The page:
THE BLOG
05/31/2010 08:17 am ET Updated Mar 20, 2015

Are You Fighting Against Your Own Upliftment?

As you will know if you have been following these columns, I am of the mind that just about anyone can improve both their life circumstances as well as the quality of how they experience their life. I have taken numerous approaches, attempting to share ideas that I have found useful in my own life and that others seem to have found beneficial as well.

A common theme running through these articles includes the notion that how you frame the problem is the problem coupled with it's not what happens to you but what you choose to do about it.

The dialogue has been rich, comical, supportive, derogatory and sometimes just downright spiteful. I appreciate the exchanges, even the most vitriolic, because no matter the point of view, at least the commenter is engaged.

Many years ago, I was leading a self awareness seminar (Insight) and found myself pretty frustrated with one of the participants who seemed to be pretty much universally contradictory. As I kept trying to convince him that he needed to try a different approach, my mentor shared with me an interesting observation. He said, "Russell you seem to have misunderstood your role. You act as though you are here to harvest something when perhaps what you are really doing is planting seeds. Plant the seeds and let the harvest take care of itself."

The particular individual with whom I was so frustrated, continued to be "resistant" throughout the seminar. However, a good 10 years later, I received a letter from this person, thanking me for the seminar and my persistence. He let me know that while he had not been ready to move on the principles back then, they had stuck with him and he had used much of what had been taught to make a significant difference in his life.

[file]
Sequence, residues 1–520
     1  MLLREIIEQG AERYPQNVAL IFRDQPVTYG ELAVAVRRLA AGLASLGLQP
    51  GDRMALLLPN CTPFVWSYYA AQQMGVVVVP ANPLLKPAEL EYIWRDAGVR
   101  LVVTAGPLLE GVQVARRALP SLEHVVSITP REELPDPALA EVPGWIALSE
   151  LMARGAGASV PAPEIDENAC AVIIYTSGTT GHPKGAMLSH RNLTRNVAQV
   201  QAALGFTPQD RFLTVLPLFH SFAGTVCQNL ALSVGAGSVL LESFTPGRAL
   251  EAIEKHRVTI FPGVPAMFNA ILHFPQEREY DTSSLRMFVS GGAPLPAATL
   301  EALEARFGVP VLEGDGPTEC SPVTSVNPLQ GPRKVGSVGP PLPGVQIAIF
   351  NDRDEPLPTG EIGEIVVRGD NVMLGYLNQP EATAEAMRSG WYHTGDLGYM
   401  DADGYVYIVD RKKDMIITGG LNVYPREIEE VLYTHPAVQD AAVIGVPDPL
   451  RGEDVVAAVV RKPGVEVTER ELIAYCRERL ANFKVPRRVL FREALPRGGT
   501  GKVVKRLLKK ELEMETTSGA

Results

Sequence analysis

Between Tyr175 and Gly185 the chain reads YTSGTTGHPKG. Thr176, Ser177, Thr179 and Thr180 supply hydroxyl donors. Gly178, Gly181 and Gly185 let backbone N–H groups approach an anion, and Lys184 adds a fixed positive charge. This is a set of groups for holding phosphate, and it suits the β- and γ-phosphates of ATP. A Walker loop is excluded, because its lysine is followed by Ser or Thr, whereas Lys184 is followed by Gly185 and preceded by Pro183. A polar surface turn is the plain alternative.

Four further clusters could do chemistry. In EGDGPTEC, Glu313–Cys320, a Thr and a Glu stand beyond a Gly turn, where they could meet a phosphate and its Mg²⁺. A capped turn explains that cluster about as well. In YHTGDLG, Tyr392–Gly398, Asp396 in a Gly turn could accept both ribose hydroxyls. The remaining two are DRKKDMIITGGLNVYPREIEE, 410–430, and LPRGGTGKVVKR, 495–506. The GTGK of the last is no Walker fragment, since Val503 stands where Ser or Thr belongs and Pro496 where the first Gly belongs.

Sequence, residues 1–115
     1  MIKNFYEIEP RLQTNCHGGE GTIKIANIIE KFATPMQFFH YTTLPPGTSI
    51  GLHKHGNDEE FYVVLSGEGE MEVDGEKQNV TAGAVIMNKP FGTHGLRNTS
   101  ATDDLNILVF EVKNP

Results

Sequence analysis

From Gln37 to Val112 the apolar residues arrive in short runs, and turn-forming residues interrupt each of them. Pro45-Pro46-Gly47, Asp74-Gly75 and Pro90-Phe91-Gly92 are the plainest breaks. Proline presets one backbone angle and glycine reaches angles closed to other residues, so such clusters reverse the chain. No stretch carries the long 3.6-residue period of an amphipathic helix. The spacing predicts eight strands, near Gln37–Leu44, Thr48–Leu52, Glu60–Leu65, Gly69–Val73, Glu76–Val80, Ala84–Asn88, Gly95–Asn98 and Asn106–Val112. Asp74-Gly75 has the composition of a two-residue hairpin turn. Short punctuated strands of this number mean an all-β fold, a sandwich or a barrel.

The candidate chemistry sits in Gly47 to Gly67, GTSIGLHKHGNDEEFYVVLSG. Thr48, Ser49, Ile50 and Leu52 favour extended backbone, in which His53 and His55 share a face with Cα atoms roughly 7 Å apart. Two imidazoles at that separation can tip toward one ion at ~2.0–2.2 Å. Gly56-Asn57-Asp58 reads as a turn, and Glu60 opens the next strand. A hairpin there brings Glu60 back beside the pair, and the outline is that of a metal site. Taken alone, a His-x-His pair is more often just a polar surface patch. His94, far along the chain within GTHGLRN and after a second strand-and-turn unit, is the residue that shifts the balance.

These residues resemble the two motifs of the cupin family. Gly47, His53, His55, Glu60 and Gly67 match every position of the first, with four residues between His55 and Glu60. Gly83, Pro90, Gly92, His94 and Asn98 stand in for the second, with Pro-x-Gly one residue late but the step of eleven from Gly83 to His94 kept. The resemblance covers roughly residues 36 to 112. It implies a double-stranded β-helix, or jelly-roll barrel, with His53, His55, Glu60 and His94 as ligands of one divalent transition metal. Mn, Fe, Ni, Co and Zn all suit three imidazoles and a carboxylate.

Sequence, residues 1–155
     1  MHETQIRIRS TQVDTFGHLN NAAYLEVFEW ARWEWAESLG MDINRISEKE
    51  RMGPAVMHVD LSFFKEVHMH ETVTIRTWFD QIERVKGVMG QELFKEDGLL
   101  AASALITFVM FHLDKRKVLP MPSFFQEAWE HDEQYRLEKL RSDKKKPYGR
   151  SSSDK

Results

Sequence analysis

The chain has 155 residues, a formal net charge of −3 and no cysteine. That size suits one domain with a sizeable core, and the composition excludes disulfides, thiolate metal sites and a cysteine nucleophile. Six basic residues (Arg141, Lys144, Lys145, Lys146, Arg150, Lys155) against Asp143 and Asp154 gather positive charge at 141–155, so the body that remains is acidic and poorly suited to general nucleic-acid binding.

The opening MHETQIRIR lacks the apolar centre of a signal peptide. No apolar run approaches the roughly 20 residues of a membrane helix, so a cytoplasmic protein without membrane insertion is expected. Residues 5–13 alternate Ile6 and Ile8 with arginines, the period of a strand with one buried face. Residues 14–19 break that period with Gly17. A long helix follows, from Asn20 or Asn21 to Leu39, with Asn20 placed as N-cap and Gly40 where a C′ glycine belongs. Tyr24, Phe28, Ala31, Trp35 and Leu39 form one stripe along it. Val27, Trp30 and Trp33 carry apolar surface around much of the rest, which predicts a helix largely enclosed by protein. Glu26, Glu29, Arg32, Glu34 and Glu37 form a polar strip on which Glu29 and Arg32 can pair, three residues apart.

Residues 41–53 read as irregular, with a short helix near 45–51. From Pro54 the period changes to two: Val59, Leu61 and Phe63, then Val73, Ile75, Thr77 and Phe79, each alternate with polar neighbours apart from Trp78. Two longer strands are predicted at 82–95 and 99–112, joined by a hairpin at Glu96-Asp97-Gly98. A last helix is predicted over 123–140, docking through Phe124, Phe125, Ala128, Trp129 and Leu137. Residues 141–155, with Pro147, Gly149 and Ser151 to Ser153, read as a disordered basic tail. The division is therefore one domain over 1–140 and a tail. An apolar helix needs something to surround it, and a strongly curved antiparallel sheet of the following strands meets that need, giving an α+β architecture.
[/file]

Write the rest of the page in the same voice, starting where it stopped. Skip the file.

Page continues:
In something of a parallel universe, this past Friday, I received a series of three emails from one of my readers, one who has been commenting in the negative for quite some time. What "Qwerpa" has to share is quite profound and I thought I would pass it along to you.

What follows is an abbreviated version of what Qwerpa wrote:

Hi Russell,

This is qwerpa, one of your "fans" that you had noted in one of your posts - one of the ones appending cutting remarks to all your blog entries.

I haven't for the last few entries, because I lost my job and have been busy with other things. But rest assured I would have probably been seething in anger over your new posts and doing my best to slam you (kudos, you have been remarkably consistent!).

But I would like to report that I have overcome my difficulties, or at least cleared the major obstacles and am now on a different trajectory.

Personally, from my experience, it was extremely important to me to discover the answers for myself. I intuitively knew the answers, the "what" and the "how" as it were, but not the why. What I mean by that is I understood what you were saying even before I read your posts - you are correct by the way - but I was still resistant. I didn't know why I was resistant though, and I didn't appreciate having the method "to get better" shoved under my nose.